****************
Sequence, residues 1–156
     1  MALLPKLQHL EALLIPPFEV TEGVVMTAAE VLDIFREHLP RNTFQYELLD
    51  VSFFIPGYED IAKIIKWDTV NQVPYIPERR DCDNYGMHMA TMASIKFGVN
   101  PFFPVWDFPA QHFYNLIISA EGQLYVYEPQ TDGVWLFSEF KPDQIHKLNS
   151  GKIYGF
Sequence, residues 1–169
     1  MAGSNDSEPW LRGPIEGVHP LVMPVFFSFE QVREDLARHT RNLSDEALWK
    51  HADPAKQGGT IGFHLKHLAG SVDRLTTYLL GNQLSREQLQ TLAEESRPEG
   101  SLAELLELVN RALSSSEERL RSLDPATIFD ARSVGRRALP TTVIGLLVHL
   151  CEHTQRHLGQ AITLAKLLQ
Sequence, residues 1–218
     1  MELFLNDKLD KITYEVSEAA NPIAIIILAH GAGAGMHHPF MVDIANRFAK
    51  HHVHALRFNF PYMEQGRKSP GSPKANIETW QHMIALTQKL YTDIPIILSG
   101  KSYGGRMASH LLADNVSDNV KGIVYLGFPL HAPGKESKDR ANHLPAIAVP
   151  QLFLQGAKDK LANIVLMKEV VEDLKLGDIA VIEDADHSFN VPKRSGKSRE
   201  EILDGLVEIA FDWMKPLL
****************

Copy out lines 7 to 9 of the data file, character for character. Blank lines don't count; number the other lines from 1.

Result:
     1  MAGSNDSEPW LRGPIEGVHP LVMPVFFSFE QVREDLARHT RNLSDEALWK
    51  HADPAKQGGT IGFHLKHLAG SVDRLTTYLL GNQLSREQLQ TLAEESRPEG
   101  SLAELLELVN RALSSSEERL RSLDPATIFD ARSVGRRALP TTVIGLLVHL